Yeah, that guy was pissed. I don’t know why we didn’t include this: The guy whipped out his dick at me. As a joke, I was like, “Man, I want to suck your dick right now!” He’s like, “You should suck my dick!” The anger hormones were still raging in his brain and he couldn’t switch to comedy on a dime like I was. So he fucking whipped his penis out and he had all these weird scabs all over his hands, and I was like, I don’t want this guy to touch me, let alone punch me. He was really gonna punch me. He was pissed. But we got him to sign a release. We had a PA chase him down, like, “Can you sign this release?” He’s like, “Fuck you! Fuck that!” The PA said, “We’ll give you 50 bucks and a slice of pizza.” And he’s like, “Hey man, you can keep the pizza. I like you guys. No problem.” He signed it right away.
Did the police intervene after he tossed your mic and it hit their squad car?
No. We got out of there. The police were confused, and most of the crew went down a perpendicular street, and then someone from the sound department waited a beat and went and grabbed it. But I think the police were like, “Do I want to get involved in that?” Maybe not. [Laughs.] I’m actually surprised the police didn’t get involved, because we got into trouble this season.
I am legally advised to not talk about it… [Laughs.] I got in some trouble. I got nine stitches too. One hospital visit and one police visit.
“I tried to grab Flavor Flav’s penis and he tried to kill me.”
As for the celebrities, they and their reps agree to do the show, so they must have some sense of what to expect, right?
They have no idea what the fuck is going on, and this season I don’t even meet them before filming. Previous seasons, I’d meet them in the green room beforehand, but now I’m meeting them for the first time on camera, so they’re really in the dark. The show’s out now, so people can research it, but we purposefully try to book guests that do not watch Adult Swim. We interviewed, like, a dance mom from a reality show. Reality people are good, because they don’t do a lot of research.
Maybe that's why Lauren Conrad from The Hills famously walked off last season. What are the best reactions you’ve gotten from people this season?
We’ve had more people than ever ask, “Can I leave now? Can I get out of here?” [Laughs.] When I sweat, I get really smelly. And we’re releasing cockroaches and rats and all this vermin under the desk, under the chair.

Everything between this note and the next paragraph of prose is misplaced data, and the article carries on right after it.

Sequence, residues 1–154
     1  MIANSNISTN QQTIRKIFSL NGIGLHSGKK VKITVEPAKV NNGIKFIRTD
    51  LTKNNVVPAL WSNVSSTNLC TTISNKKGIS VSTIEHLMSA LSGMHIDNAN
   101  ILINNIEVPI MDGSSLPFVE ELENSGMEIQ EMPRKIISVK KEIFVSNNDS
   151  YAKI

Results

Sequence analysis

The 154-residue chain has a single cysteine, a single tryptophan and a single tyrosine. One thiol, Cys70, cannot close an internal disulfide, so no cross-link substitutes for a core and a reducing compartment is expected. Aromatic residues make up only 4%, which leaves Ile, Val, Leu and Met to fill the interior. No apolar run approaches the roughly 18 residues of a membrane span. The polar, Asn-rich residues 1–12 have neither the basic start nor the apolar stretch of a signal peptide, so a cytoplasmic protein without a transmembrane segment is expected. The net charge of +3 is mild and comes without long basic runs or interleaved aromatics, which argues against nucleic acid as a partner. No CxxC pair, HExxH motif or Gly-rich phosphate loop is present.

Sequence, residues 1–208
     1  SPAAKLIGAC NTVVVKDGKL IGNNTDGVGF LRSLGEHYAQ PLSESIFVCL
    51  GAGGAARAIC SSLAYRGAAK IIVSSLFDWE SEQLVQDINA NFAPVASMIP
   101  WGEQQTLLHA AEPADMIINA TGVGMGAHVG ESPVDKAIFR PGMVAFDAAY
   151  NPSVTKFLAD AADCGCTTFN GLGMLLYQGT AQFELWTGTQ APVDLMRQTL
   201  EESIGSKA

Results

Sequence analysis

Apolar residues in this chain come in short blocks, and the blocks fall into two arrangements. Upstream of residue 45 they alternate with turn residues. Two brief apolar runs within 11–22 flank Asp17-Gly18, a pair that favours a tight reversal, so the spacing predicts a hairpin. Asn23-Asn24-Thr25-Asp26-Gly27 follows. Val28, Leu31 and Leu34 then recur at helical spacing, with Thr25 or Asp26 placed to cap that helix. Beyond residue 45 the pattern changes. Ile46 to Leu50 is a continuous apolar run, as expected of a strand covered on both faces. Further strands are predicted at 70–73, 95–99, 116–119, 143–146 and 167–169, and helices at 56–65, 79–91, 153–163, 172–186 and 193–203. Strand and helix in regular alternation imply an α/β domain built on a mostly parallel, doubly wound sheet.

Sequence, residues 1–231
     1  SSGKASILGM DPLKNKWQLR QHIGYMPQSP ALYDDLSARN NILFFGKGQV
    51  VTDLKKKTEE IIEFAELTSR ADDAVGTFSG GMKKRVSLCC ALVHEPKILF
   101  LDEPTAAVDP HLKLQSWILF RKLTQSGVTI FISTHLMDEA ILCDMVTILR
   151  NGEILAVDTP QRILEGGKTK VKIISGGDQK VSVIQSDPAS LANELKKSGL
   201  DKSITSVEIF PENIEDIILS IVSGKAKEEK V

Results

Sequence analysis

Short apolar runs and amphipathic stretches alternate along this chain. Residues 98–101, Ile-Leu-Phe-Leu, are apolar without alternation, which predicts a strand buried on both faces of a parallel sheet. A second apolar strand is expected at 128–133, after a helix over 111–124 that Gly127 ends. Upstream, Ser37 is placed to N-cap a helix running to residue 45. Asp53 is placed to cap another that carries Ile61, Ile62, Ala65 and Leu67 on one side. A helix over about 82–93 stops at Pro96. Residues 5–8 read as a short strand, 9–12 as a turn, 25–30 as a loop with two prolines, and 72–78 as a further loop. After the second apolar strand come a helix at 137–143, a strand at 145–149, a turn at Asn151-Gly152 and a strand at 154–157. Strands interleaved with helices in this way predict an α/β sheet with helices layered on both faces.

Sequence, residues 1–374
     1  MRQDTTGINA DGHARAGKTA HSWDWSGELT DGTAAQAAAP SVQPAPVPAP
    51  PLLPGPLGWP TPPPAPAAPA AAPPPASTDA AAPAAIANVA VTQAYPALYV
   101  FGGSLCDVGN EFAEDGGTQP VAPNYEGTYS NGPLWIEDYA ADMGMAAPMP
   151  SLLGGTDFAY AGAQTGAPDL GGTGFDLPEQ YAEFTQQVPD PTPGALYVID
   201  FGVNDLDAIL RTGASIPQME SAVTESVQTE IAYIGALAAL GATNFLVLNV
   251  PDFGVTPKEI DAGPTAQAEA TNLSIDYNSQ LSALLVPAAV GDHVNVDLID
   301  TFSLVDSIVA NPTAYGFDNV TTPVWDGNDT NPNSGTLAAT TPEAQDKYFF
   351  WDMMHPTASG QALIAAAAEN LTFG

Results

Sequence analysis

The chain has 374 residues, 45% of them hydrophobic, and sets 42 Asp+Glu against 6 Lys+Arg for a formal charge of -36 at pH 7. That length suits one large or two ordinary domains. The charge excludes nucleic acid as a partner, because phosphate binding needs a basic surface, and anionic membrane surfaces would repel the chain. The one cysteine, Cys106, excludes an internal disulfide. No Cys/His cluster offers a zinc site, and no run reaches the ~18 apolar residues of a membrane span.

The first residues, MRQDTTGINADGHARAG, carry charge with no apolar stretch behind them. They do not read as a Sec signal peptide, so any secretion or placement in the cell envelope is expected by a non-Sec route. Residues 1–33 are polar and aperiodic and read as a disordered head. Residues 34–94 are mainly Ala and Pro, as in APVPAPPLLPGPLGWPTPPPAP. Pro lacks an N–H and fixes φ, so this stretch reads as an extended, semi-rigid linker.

Who do you have on this season?
Roy Hibbert, Jack Black, A$AP Rocky, Danny Brown, OG Maco, Nocando, Open Mike Eagle, Go Dreamer, Ariel Pink, Flying Lotus, Thundercat, T.I. We got Dennis Rodman, who is fucking crazy. We had Stacey Dash, who’s lost her marbles. Hannibal [Buress, who plays André’s talk show sidekick] couldn’t be in all 10 episodes 'cause he’s busy as shit, so we made a Hannibal robot for a couple of the interviews.
Who was the craziest guest? Rodman?
No, it was Flavor Flav. We had him on and he flipped the whole show. He was impossible to shake. He, like, did the show back to us. I was like, “I can’t do anything. Take it away, Flavor Flav!” He was unflappable. The only time I got him to freak out is when I tried to interview his penis. We had a sound guy come up and pretend he was about to adjust his mic and he grabbed Flav’s dick, and he was like, “Get the fuck out of here! I’m gonna punch you!” I was like, “Is it OK if I grab your penis?” I tried to grab his penis and he tried to kill me. We had a bathtub built into my desk, so I ripped the desk away, got naked, and took a bath in front of him.
Along those lines, the crew is currently working on a mechanical dildo that’s supposed to bust through your desk. Are all the show’s gags planned?
There’s a blueprint or a map, like we want to get all these gags and these beats, but while we’re shooting we’re riffing around that as, like, a pathway. Hannibal riffs; all of Hannibal’s golden moments are completely improvised. The best stuff always comes out of the improv.
What are your inspirations for the show’s public access vibe?
I’ve always been obsessed with bad, awkward television and bad public access. Before YouTube, it was a treat coming across that stuff. When I moved to New York, I used to love watching public access late at night. There’s a guy named John Kilduff, who does this thing called Let’s Paint TV. It’s like a public access show on YouTube. That was a big inspiration.[Grabbing his laptop, André plays a YouTube clip in which Kilduff paints, exercises on a treadmill, blends drinks, and takes calls simultaneously.] It’s a slow burn but the whole time he’s doing it he’s trying to stay positive and these Latin gangsters keep calling up, like, “Fuck you, homes!” and hanging up on him. We had John on the show. It’s really good.
Is that where the inspiration for Killer Mike and Action Bronson battle rapping on treadmills came from?
Maybe subconsciously, not directly. We’re always just trying to figure out how to take the guests out of their comfort zone. I just thought it would be funny to have fat rappers on treadmills freestyling. We talked about putting Rick Ross on a treadmill but somebody had worked with him and they were like, he’s so fat that even him walking around, he has a hard time. So, yeah, a treadmill would kill him. We don’t want to kill anybody.
Do you have aspirations to one day do a mainstream late-night show?
I don’t think I would do a straight late-night talk show, like a Tonight Show kind of thing. But I’m open to whatever is done well. I don’t have any agenda. I’m not like Fugazi—I’m not trying to be just so punk rock until I die. Whatever is funny is good.